Grand Reserve Costa Rica from the Coffee Company

Excerpt from Ari’s Top 5 enews

Honey processing yields a wonderful cup

Our Roaster’s Pick this month is a great complexly flavored cup from Central America that’s a result of one of the most rewarding of our long-term “relationship coffees.” We’ve been working with the Gurdian family in Costa Rica for nearly 10 years now and the coffee continues to just get better and better! I’ve been sipping it consistently for the last couple weeks—in synch with the way every friend I’ve had who visits describes Costa Rica when they return to the U.S., it’s calm, complex, and beautiful. When the world feels exceedingly turbulent and in turmoil to me, the Grand Reserve from Costa Rica at the Coffee Company strikes me as peaceful and a wonderfully positive experience.

Neither Costa Rica nor its coffee were always this way. In 1719, Costa Rica was described by one of Spain’s colonial governors as “the poorest and most miserable Spanish colony in all America.” Three centuries later it’s a total turnaround—from a socio-economic standpoint, Costa Rica is probably the most “successful” of all the former Spanish colonies. Costa Rica, which became an independent republic in 1847, rather anarchistically, eliminated its army in 1949, and at times is referred to as the “Switzerland of Central America.” Oscar Arias, Nobel Peace Prize winner and former president of Costa Rica said, “Mine is an unarmed people, whose children have never seen a fighter or a tank or a warship.” They have, though, grown some great coffee!

Coffee first came to Costa Rica in 1779, brought over from another Spanish colony, Cuba. The volcanic soil and the consistent temperatures turned out to offer nearly ideal growing conditions. Nearly a century and a half after coffee originally arrived, in 1917, the matriarch of the Gurdian family, Lucila Duval de Morales quietly began the work to create what is now Hacienda Miramonte. The farm is in the north-central part of the country, about an hour’s drive to the northwest of the country’s capital of San Jose. Back when she got things started, Signora de Morales was breaking some serious social norms—the idea of a Costa Rican woman buying her own land and planting coffee bushes was unheard of then. Today, the farm is managed by her great-grandson Ricardo. He and his daughter Viviana have been here to Ann Arbor regularly to teach and taste many times. Steve Mangigian, managing partner at the Coffee Company, says of the relationship:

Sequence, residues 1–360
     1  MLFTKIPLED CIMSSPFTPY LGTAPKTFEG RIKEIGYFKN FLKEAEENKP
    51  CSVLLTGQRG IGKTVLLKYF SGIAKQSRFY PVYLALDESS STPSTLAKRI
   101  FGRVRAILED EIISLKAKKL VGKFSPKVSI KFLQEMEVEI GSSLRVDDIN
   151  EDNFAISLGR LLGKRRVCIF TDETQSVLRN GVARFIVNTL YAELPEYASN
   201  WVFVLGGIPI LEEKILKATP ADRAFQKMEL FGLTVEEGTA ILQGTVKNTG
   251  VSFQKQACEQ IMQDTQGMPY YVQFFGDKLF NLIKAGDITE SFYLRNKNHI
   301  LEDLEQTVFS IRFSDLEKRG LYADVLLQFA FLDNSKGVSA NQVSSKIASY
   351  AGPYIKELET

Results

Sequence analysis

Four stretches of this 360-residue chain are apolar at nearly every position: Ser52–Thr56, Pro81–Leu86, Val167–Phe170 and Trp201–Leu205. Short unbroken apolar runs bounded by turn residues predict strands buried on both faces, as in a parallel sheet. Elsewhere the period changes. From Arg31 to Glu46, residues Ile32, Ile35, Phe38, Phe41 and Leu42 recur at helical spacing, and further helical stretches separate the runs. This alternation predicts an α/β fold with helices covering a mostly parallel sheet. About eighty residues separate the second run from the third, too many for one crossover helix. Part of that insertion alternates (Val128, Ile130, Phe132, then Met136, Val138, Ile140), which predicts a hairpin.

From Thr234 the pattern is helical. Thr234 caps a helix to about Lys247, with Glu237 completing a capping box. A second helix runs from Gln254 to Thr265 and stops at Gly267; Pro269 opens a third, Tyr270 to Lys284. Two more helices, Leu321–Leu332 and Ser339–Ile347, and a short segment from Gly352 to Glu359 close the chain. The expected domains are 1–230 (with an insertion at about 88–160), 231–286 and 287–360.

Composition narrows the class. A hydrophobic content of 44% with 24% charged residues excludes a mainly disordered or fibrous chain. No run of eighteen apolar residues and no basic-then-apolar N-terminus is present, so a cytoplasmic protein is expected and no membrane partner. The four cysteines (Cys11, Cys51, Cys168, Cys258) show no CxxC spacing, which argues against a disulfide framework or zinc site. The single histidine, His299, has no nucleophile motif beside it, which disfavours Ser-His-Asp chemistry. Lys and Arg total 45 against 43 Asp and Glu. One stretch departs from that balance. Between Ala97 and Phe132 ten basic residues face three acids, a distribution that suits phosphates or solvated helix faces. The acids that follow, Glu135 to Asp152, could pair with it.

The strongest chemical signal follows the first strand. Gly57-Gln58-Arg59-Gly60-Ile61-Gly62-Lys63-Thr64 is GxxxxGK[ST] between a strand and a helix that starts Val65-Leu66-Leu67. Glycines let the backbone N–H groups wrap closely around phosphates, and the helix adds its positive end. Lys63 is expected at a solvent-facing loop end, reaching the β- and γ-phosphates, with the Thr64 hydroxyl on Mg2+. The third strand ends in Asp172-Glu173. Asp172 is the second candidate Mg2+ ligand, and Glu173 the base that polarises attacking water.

This Grand Reserve Costa Rica is a project we embarked on many years ago. One of the larger benefits is the trust it creates between the roaster and the producer. We made the long-term commitment to buy from the Hacienda Miramonte over the long term. Which means we get to discover different ways of harvesting and processing each year.

The idea of the project is to work with the Hacienda Miramonte annually to bring forward something super special from each year’s harvest. This year, Steve and the Coffee Company crew decided to make the Special Reserve using a “honey process”—it’s a method in which the coffee cherry (fruit) is left intact (with the “bean” inside) and allowed to dry some in the sun. Steve shared, “The coffee has a very sweet taste with a lovely hint of acidity. It’s medium-bodied, with nice cocoa and fruit notes. The fruit and the sweetness are enhanced by both the honey and natural process.” To my taste, the Costa Rica Grand Reserve is like a really rich, hot cocoa, with a bit of an undertone that reminds me of a good Oloroso sherry. Super delicious, delicate, and delightfully superb.